RENO — Nevada Republican Sen. Dean Heller mixed it up with hundreds of sometimes combative critics Monday at a town hall meeting on topics including immigration, the environment, health care and access to abortions.
More than 600 people crowded a conference room Monday at the Reno-Sparks Convention Center, where Heller co-hosted the town hall session with the other GOP member of the state’s congressional delegation, Rep. Mark Amodei.
Heller denied a claim by speakers who said he voted last month to defund Planned Parenthood, a key source of contraceptives for many low-income women.
Heller drew loud boos and jeers when he insisted his vote only allows individual states to decide whether to defund the program. He reiterated his belief that federal funds should not be spent on abortions.
He also said both he and Amodei opposed the push by Republicans and the Trump administration to repeal the Affordable Care Act before the GOP legislation was pulled without a vote in the House.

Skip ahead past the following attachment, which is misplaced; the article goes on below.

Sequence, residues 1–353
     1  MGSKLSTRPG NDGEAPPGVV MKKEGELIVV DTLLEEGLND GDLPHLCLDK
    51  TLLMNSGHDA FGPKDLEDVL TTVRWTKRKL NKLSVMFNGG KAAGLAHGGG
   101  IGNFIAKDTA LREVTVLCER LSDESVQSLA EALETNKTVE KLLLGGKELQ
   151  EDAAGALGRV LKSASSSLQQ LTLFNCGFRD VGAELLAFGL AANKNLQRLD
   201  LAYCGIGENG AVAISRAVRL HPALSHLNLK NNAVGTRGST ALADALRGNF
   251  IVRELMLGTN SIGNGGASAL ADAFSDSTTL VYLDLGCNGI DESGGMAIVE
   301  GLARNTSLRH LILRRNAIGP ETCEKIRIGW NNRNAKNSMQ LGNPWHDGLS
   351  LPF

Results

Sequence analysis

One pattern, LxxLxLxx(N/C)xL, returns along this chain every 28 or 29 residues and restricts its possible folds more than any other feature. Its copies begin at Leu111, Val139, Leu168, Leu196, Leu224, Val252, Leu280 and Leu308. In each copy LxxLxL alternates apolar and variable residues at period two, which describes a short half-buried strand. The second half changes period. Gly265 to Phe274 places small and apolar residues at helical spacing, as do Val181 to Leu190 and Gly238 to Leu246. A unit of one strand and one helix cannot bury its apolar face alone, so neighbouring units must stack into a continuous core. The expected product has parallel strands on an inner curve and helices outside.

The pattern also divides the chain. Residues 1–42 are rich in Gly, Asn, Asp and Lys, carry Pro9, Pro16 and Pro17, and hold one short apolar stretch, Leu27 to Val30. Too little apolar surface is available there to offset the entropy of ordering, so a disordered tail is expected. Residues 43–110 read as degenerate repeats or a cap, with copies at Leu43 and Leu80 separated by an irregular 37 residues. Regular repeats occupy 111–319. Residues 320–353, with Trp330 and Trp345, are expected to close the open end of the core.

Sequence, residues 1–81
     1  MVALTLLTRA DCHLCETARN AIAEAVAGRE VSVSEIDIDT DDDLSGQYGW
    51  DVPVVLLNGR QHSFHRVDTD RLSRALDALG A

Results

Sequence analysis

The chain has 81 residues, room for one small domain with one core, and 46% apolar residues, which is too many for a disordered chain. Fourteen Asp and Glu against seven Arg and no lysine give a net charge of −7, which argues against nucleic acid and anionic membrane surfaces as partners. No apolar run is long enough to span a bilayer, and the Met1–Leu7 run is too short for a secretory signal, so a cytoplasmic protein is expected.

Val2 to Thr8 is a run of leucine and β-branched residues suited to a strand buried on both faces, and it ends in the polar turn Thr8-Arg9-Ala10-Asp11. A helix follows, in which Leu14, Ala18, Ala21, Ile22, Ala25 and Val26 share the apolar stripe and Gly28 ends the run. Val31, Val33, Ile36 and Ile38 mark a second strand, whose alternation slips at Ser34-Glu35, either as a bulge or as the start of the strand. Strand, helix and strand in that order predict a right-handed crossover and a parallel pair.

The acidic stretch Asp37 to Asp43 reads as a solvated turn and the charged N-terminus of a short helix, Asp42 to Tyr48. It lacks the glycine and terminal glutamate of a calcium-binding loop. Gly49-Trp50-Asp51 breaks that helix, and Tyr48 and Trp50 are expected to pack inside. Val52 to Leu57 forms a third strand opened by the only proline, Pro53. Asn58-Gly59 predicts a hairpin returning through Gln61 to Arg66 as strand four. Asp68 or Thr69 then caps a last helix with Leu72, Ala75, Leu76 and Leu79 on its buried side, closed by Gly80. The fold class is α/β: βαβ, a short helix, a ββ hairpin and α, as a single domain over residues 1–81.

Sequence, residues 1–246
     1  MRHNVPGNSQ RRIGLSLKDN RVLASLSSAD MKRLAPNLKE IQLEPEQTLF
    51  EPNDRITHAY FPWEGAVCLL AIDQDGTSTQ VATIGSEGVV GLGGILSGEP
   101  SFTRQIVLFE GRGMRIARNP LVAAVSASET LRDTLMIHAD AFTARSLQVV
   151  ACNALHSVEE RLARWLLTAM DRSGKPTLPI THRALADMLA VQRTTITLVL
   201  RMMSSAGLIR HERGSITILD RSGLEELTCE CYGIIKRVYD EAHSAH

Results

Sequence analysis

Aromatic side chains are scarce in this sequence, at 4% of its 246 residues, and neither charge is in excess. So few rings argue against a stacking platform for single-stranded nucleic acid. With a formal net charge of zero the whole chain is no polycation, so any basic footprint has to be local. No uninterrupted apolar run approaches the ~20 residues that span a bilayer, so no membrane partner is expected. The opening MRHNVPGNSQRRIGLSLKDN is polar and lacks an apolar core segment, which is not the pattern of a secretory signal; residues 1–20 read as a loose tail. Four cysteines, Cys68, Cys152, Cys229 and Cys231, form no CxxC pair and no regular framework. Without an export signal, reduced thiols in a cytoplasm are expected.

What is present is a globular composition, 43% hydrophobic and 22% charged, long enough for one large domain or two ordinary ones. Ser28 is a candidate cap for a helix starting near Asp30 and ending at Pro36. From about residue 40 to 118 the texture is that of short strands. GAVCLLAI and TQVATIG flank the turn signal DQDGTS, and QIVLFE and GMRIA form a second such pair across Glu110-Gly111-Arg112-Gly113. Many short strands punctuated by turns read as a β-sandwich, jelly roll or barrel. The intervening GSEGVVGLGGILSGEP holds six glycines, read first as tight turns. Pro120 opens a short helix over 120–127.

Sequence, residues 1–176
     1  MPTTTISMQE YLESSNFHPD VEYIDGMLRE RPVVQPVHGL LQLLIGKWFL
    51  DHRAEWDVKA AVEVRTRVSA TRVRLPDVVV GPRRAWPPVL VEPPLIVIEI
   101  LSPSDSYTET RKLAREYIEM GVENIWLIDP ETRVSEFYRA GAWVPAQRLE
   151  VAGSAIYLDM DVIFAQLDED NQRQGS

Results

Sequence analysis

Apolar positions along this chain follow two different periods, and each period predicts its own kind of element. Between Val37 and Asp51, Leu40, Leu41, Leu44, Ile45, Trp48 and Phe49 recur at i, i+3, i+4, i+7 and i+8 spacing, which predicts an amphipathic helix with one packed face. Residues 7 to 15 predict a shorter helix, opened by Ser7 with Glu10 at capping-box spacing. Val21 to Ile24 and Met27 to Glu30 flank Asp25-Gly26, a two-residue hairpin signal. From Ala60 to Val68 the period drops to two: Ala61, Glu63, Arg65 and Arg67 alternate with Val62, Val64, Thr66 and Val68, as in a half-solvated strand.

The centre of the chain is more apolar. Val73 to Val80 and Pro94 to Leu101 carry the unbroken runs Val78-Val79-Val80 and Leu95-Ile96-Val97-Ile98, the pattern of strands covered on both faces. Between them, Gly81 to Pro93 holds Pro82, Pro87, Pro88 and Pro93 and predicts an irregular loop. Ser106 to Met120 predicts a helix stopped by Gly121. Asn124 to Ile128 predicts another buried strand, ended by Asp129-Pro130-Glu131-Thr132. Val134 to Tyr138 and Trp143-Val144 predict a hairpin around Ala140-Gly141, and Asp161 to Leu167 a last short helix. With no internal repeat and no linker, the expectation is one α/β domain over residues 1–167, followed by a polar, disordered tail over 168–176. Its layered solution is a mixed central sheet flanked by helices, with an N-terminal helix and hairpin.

Heller says no one in Congress does more than he does to work with Democrats in a bipartisan fashion. Several critics in accused him of doing more to divide the country than unite it.
One woman pointed to a Ronald Reagan quote Heller posted on a social media site on Sunday suggesting Republicans stand for freedom while Democrats for taxes. It said: “Republicans believe every day is the Fourth of July, but Democrats believe every day is April 15.”
The woman said she found it “offensive and divisive.” She asked whether Heller thought that would “help or hurt” efforts to unite the country.
Heller answered that he often quotes the former Republican president. Pressed by the crowd to answer the question, he said he didn’t think the quote was “extreme” or that Reagan was “divisive.” He says he’s proud to be a conservative Republican who believes in low taxes and small government.
The senator, who is up for re-election next year, and Amodei were accused by some in the audience of being evasive and not answering constituents’ questions. They were greeted with chants of “yes or no” from the crowd.